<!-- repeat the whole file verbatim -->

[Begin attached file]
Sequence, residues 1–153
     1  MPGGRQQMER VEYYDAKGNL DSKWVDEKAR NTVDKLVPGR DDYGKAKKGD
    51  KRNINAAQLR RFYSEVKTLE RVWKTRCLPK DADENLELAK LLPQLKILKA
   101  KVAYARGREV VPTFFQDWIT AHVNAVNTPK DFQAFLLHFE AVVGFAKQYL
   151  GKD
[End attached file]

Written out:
Sequence, residues 1–153
     1  MPGGRQQMER VEYYDAKGNL DSKWVDEKAR NTVDKLVPGR DDYGKAKKGD
    51  KRNINAAQLR RFYSEVKTLE RVWKTRCLPK DADENLELAK LLPQLKILKA
   101  KVAYARGREV VPTFFQDWIT AHVNAVNTPK DFQAFLLHFE AVVGFAKQYL
   151  GKD